You probably noticed that Australia Day 2012 proffered more for the media than the standard scenes of revelry involving barbeques, beers, and people wearing the Australian flag as a cape. Instead the news channels were awash with reports about the Prime Minister and Opposition Leader’s brush with Tent Embassy activists outside the Lobby restaurant in Canberra (Aboriginal activists attack Gillard, Abbott on Australia Day). For public relations professionals, or for those seeking work in public relations, there are some interesting PR issues tied up in this case.
As the story unfolded after the event, media outlets revealed that information leaked from the Prime Minister’s own office triggered the confrontation. The PM’s crisis media management was in full swing as Tony Hodges, one of Julia Gillard’s media advisers, conceded disclosing information that was passed on to protest organisers. Tony Abbot accused Mr Hodges of attempting to provoke the protest for political advantage, and the Coalition called for a full federal police inquiry into the matter. This probably won’t make a great deal of difference to Tony Hodges – his job was the first casualty of the scandal when he resigned.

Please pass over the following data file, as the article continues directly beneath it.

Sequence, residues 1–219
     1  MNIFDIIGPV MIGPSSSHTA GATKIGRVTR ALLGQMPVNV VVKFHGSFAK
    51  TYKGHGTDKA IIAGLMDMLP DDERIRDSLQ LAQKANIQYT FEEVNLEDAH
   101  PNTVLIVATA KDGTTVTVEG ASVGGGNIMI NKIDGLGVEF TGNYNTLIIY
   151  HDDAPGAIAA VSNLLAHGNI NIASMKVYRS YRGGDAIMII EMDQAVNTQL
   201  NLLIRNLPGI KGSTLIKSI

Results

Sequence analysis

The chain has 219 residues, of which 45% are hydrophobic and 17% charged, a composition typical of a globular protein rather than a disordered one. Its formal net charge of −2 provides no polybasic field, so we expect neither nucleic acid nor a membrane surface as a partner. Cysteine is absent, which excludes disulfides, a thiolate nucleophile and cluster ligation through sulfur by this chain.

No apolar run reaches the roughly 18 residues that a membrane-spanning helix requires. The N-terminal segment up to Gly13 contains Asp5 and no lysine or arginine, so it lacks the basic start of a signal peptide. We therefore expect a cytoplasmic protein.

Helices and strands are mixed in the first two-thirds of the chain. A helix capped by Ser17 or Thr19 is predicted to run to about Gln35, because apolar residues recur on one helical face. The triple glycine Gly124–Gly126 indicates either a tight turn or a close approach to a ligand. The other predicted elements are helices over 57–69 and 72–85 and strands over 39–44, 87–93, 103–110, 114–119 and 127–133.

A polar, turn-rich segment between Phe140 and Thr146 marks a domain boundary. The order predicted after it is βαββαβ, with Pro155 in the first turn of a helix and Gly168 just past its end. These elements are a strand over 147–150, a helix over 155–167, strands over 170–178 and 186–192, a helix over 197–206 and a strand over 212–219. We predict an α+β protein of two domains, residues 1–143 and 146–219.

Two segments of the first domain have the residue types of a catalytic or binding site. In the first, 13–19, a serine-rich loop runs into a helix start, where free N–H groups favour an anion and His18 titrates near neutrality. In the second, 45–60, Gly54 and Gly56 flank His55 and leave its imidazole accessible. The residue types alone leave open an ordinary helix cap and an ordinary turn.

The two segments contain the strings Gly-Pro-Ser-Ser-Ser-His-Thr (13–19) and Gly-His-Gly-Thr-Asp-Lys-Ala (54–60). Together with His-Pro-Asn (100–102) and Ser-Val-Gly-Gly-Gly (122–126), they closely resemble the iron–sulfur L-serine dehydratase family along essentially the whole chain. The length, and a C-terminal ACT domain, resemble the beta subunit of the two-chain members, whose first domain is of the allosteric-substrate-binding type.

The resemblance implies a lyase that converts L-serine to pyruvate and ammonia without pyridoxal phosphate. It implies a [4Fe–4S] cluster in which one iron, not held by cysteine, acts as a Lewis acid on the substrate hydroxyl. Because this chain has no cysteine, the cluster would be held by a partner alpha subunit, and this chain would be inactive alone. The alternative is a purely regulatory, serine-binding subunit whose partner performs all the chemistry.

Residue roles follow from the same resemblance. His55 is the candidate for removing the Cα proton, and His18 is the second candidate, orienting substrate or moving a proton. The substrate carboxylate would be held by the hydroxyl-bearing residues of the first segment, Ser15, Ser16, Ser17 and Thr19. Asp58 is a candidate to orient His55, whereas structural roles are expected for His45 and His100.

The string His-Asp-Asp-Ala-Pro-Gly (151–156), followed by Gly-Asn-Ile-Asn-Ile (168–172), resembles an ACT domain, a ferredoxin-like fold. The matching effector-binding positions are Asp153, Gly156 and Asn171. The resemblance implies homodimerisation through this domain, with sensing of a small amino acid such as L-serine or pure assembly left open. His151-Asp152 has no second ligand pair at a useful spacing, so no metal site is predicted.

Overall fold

That’s an impressive fallout owing to a loose tongue, loose ethics, and bad practice. A public relations crisis like this damages both the employer and the employee. It will be difficult for Mr Hodges to maintain a career in Public Relations with his professional integrity and judgement in question – these are vital attributes that a good practitioner must demonstrate as part of their personal brand.
A responsibility to act with foresight and caution is fundamental to the job of communications professionals. With each activity they undertake, good PR staff are able to carefully consider the intent of the message and possible interpretations, assess potential risks, and map out a scenario plan. It goes without saying that these all need to be underpinned by good ethical judgement.
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